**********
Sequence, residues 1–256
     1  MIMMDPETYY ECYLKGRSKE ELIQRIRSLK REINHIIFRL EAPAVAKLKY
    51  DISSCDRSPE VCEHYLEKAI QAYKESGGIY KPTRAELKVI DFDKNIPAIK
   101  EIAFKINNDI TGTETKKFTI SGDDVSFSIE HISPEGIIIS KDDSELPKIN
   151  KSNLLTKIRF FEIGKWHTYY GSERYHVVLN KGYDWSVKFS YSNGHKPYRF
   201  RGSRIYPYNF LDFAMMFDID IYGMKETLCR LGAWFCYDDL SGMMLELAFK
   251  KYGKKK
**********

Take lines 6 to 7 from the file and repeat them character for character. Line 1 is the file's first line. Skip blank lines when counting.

   201  RGSRIYPYNF LDFAMMFDID IYGMKETLCR LGAWFCYDDL SGMMLELAFK
   251  KYGKKK